Amboseli National Park reached a record number of 205 elephant births. Experts attribute these high numbers to the heavy rains, which increase elephants’ fertility rate. Cynthia Moss, founder of Amboseli Trust For Elephants, couldn’t be happier.
The park has never seen that many births in an entire year before, and they are feeling optimistic about all the progress. An elephant pregnancy lasts 22 months since the large fetus takes time to develop.
Moss said they were expecting more births by the end of that year. The park now boasts around 1500 elephants and many more to come. All the elephants are thriving and unaffected by the covid pandemic.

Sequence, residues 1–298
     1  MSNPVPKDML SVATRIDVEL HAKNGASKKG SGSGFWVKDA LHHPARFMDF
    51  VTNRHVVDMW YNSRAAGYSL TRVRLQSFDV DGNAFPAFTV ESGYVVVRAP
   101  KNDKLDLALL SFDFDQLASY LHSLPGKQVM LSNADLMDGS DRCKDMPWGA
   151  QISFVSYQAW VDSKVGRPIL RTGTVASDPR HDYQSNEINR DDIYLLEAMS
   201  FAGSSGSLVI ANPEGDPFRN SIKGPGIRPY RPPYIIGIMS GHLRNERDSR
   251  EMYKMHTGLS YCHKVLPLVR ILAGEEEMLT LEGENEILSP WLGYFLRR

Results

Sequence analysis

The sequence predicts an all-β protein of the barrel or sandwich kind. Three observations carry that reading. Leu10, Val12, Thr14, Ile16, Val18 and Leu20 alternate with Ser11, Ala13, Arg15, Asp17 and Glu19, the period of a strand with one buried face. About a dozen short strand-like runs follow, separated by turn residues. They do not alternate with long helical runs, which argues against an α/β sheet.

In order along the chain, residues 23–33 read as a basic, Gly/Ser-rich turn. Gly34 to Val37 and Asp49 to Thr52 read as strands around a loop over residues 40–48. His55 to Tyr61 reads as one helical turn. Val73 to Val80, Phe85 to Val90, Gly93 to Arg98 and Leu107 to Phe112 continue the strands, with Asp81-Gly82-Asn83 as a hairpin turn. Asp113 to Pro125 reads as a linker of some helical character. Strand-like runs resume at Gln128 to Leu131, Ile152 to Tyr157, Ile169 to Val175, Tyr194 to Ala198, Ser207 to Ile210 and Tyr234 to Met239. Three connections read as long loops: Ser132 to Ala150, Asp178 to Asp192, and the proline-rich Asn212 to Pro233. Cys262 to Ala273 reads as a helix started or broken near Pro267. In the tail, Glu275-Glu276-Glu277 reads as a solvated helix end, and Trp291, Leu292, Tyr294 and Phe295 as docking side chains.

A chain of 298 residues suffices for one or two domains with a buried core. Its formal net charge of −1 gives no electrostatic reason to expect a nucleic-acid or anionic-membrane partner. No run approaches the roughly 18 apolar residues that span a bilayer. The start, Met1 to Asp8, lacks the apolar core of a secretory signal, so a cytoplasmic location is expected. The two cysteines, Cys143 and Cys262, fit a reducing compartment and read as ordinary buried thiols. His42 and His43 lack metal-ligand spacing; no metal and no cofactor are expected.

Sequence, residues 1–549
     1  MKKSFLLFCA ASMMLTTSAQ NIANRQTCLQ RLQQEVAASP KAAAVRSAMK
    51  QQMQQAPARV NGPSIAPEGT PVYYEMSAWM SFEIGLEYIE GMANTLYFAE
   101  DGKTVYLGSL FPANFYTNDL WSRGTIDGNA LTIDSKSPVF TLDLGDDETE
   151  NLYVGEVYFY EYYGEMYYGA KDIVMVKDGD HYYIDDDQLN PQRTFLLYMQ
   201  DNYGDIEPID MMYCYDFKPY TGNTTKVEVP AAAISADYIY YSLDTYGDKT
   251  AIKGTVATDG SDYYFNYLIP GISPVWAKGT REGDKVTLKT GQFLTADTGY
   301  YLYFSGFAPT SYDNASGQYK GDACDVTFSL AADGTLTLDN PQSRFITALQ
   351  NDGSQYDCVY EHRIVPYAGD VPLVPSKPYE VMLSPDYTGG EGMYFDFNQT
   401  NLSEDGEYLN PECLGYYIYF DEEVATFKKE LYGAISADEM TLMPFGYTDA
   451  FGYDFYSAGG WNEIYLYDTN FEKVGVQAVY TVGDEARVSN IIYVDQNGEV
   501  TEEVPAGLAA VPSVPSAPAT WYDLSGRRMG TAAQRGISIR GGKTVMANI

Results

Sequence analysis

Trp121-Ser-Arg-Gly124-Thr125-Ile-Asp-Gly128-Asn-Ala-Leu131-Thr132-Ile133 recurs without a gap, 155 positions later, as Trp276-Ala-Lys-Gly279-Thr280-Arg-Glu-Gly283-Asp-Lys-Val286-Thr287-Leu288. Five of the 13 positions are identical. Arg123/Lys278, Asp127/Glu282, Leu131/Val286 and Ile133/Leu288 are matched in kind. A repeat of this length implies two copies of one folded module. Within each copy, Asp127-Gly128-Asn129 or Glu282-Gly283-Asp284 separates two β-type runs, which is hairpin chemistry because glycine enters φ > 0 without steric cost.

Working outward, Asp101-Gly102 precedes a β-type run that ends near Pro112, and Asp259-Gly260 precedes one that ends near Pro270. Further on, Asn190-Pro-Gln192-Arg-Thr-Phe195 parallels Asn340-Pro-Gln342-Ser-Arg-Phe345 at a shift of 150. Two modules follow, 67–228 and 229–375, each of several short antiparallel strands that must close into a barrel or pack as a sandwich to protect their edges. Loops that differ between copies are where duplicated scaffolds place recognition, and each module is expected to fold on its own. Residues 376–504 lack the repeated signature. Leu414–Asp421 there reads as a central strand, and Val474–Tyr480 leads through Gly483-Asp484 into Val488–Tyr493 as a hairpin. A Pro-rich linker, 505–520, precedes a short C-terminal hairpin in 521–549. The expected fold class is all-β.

The park works hard to fight poaching and keep the elephants protected. There are still many places that want ivory, and that demand puts the elephants in danger.
Patrick Omondi is the Director of Biodiversity, Research, and Planning at Kenya Wildlife Service. He says that Kenya is on the path to recovery after the elephant population was devastated in the last century.
In the 1970s, there were more than 160,000 elephants in Kenya, but that number dropped to a shocking 16,000 by 1989. Their work in Amboseli National Park is helping, but they still have a long way to go.
There are still many dangers that elephants face. Moss says that the biggest threat the calves have is another possible drought. But they are doing everything they can to help.